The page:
“We need to go to the Greys, now, ” I said.
“We thought something like that,” the steersman said. “They don’t have Moyri any more, fortunately.”
“How is that fortunate?” I asked, “was she bad?”
“Very strict,” the steersman said. “But fair.”
“Strict is good,” I said. “Fair is good. Mean and unfair would be bad.”
“She’s the baroness of Idanyas now!” Ruzyn said. “Move over, you two, you wouldn’t have got far in that state.” And she climbed into our boat and took the oars from Riei.
A little farther we saw two large boats going in the other direction — towards the house — with six rowers each, dressed in grey, and more people dressed in grey on board, all with armor and weapons, the rowers too. “Oh good,” Ruzyn said, “they heard me. I will join the Order the moment I’m a journeyman, whatever my father says about grandchildren!”
Riei fell asleep after a while, but I was thinking too much for that. “Ruzyn?” I asked. “Do you know, if you have money in the Temple of Mizran here, can another Temple get that for you even if you can’t give them a letter?”
“Yes,” Ruzyn said, “they write to each other, it’ll take some time, and you need to prove it’s really you, but it’s still your money even if you’re, say, in Valdis and your money is here in Essle.”
“That’s what I wanted to know, thanks!” I said, and then we arrived at a landing near a big house that looked drab in the twilight but I thought it was really whitewashed. A man and a woman, each carrying a polearm, were waiting for us. I poked Riei awake and they helped us get out of the boat.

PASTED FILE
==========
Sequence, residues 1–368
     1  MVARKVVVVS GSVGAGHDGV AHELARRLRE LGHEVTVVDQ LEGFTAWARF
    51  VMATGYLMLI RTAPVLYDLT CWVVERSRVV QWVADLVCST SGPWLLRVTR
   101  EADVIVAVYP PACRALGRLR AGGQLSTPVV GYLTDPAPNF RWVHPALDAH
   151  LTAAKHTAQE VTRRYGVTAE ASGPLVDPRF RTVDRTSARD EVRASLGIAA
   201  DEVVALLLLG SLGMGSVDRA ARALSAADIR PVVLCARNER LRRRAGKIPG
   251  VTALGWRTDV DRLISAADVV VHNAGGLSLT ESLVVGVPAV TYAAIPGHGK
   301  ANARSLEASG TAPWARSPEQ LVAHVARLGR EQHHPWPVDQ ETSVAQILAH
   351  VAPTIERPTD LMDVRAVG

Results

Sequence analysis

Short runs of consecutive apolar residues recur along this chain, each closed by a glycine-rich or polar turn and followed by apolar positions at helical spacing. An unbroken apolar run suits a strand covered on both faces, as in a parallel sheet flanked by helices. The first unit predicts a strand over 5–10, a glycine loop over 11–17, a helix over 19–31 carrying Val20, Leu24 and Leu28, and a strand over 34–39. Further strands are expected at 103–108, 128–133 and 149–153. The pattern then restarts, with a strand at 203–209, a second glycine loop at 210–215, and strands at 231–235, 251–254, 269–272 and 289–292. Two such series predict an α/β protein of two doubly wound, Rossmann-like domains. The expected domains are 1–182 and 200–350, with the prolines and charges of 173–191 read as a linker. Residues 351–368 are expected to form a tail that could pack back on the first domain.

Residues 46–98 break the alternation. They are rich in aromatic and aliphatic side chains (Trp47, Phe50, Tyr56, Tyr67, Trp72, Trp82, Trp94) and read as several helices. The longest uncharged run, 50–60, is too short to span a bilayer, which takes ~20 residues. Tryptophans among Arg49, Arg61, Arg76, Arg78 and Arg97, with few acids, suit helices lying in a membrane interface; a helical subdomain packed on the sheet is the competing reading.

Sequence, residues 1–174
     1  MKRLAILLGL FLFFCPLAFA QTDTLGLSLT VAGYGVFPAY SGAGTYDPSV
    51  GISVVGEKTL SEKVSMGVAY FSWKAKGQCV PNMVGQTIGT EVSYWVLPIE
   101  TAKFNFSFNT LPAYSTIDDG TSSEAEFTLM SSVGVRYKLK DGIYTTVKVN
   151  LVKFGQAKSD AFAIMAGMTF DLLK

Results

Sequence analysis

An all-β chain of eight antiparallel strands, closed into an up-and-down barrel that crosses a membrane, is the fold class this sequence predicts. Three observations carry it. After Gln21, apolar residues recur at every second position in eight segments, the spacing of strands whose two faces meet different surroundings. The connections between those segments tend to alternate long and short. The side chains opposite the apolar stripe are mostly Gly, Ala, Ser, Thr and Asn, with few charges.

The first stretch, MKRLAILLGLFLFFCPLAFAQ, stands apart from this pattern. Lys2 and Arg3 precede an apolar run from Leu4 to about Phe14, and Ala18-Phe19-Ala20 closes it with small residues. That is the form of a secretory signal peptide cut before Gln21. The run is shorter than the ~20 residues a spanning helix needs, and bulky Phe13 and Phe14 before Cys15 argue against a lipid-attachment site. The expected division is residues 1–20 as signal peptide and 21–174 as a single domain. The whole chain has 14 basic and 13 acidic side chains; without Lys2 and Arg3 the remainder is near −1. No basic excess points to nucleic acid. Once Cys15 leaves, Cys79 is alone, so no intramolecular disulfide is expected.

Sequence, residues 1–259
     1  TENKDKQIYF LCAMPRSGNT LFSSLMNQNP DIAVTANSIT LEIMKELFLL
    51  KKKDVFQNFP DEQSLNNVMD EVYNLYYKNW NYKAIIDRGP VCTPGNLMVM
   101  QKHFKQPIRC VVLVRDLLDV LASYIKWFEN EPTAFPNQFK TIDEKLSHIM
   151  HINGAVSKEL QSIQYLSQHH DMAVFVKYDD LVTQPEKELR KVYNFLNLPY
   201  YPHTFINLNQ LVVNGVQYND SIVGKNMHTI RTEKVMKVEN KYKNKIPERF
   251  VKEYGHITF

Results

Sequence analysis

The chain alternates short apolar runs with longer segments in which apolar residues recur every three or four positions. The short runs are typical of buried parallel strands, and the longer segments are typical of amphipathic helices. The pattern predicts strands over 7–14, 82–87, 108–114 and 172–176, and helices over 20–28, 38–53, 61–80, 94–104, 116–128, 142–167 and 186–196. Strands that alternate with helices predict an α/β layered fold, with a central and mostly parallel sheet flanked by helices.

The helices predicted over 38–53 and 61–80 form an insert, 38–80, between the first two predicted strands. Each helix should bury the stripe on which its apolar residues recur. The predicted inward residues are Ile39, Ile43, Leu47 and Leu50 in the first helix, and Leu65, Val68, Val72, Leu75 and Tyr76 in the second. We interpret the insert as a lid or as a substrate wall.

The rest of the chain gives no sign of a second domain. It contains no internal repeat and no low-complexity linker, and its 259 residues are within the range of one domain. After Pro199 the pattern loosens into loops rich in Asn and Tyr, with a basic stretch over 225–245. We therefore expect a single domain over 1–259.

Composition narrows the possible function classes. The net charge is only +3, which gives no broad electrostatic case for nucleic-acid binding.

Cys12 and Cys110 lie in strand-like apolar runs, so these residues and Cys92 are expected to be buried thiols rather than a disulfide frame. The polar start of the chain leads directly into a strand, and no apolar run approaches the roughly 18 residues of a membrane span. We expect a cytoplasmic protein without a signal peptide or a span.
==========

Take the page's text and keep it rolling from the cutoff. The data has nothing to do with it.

Inside — we were in a large kitchen or an eating-hall — someone gave us bowls of hot soup, and in spite of dinner I was hungry again! Riei was poking at it a bit, though. “You should eat!” I said, “that’ll warm you up!” because she was shivering.
Another woman came and got blankets from a chest that she folded around us, and also bread to go with the soup, and mugs of steaming tea. “Your mother and sister are on their way,” she said, “with all important things, tools and papers and such. But I’m afraid the house is burning.”
Then suddenly both Arnis were there too and hugged us as if they’d never let us go. Some more of the Greys came in as well, and I saw that my tool and work bags and a large cloth-covered box from the little office were some of the things they were carrying. Most of the Greys looked a little battered, some even bloodied. “Have you been fighting?” I asked.
“Of course. That’s what we’re for,” a cheerful young man said.
“We’ve made a guest room ready for you,” the woman who had taken care of us said, “have a good night’s sleep first, and tomorrow we’ll see how we can help you further.”
“Is there a seal on the room?” I asked, because I knew that neither I nor Riei could make one now, and probably Arni couldn’t either.
“The whole fort is sealed,” the woman said, “but you may seal your room if you want.”
There were two beds in the guest room, one for big and little Arni, one for me and Riei, but none of us could sleep yet. Big Arni was worried about her work and her friends, and little Arni tried to comfort her, saying “someone else can do that! You told us you were teaching some of the women, they must have learned enough now and if they haven’t they can teach themselves like you did!” That made Arni laugh, and she climbed out of the bed and gave me and Riei a goodnight kiss, and then little Arni did that too, and we climbed out of our bed to give them a goodnight kiss, and so we kissed each other goodnight a lot of times because we were so relieved that we were all safe and alive and whole. And then we did fall asleep.